Turtles have lungs and must come to the surface to breathe every thirty minutes, when they are asleep their bodies do not need as much oxygen and they are therefore able to spend the entire night underwater. Turtles are known to migrate over long distances; a Leatherback turtle tagged in French Guiana in South America was recovered in Ghana some 3,800 miles away. Marine turtles are believed to reach sexual maturity at thirty years and live to be over eighty years old. Adult females are believed to return to the beach on which they hatched to lay their eggs. Sea turtles prefer quiet, dark, undisturbed places where they will be less vulnerable to predators. Between 80 and 120 eggs are laid in each nest. The eggs are white and about the same size and shape as a table tennis ball. A single female may nest up to five times in a season. The temperature of the nest during incubation determines the sex of the hatchings. When they hatch the young turtles make their way straight to sea and swim constantly for up to two days. This is known as the "juvenile frenzy" and allows the hatchings to escape the predator rich inshore waters. Every 1,000 eggs laid are believed to yield only one mature adult sea turtle. If you wish to see turtles visiting the South Western and South Eastern beaches, do so in the night from a distance with the aid of binoculars. Nesting turtles should not be disturbed and light disturbances should be minimal.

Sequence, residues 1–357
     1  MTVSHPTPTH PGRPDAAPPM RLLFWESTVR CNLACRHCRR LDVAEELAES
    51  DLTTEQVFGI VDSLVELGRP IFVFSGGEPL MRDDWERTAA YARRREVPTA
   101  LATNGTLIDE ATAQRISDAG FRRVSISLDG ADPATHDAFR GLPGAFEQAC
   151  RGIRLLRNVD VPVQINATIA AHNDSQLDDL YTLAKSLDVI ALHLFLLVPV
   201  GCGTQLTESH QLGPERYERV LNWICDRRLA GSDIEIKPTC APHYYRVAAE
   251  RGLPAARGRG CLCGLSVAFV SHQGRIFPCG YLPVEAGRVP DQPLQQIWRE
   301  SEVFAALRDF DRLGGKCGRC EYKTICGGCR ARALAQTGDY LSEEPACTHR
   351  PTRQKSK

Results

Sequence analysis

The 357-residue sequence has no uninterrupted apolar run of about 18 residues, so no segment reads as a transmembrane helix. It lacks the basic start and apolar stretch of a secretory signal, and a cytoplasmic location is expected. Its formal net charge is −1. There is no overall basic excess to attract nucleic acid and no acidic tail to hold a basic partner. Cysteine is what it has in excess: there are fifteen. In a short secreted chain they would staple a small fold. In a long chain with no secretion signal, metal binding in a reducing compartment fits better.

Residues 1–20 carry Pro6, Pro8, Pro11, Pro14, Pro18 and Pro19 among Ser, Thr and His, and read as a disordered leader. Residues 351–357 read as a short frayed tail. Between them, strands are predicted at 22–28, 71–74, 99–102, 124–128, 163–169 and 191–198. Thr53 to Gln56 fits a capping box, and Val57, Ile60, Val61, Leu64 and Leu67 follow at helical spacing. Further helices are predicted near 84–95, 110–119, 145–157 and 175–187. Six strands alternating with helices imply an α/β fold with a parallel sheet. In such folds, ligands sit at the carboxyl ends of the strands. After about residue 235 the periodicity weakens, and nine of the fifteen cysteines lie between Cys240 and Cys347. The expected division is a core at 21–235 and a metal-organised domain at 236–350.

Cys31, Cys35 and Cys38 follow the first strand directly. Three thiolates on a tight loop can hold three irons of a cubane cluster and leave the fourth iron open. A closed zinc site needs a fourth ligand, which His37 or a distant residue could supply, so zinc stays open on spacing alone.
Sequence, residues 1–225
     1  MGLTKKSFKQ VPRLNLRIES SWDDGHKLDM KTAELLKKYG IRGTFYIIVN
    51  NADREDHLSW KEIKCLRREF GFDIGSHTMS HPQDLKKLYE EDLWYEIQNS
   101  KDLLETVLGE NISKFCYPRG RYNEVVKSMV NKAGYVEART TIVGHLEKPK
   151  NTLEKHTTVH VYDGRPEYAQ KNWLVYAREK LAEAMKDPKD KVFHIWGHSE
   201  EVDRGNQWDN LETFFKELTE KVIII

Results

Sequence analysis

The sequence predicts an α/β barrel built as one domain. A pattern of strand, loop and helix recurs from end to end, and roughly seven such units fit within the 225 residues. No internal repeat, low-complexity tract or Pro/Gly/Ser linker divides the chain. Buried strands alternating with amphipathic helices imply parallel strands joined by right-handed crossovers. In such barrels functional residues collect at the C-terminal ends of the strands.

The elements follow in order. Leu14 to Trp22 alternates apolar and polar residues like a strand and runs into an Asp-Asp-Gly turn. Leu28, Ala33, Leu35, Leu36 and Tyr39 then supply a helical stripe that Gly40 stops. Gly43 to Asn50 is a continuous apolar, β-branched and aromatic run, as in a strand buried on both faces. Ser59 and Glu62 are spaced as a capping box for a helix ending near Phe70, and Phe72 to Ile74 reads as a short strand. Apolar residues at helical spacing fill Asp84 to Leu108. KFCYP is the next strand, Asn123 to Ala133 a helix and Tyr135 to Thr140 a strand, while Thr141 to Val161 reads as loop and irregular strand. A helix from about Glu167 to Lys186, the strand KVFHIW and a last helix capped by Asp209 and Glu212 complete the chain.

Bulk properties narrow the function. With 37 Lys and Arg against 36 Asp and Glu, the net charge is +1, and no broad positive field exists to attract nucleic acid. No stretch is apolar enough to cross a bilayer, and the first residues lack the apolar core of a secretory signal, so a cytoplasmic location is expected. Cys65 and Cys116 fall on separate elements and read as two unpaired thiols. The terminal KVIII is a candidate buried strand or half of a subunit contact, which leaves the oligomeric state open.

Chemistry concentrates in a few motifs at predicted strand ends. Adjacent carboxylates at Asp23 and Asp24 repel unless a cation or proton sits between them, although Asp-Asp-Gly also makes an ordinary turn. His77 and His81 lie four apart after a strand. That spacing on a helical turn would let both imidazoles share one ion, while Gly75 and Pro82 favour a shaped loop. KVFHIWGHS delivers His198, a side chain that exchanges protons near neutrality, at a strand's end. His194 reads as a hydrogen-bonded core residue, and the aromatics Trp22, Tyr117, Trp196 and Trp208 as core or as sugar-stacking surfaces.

Saving the Turtles...Click Here
|The Green Sea Turtle: Chelonia Mydas||The Leatherback Turtle - Dermochelys Coriacea|
|The Olive Ridley||Turtle Conservation|
|Saving Turtles||Hawksbill Turtle - Eretmochelys imbricata|
|The Loggerhead Turtle: Caretta caretta||Turtle Hatchery|